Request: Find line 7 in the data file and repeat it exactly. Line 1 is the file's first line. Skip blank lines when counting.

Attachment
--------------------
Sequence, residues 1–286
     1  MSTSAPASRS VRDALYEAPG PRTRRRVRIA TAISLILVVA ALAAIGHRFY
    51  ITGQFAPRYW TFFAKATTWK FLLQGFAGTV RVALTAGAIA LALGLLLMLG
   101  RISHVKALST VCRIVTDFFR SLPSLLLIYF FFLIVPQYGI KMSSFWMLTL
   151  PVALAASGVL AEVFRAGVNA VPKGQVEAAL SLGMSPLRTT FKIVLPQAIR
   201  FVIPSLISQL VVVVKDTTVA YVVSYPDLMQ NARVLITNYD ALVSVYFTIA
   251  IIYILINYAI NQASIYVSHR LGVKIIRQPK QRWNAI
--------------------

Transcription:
   251  IIYILINYAI NQASIYVSHR LGVKIIRQPK QRWNAI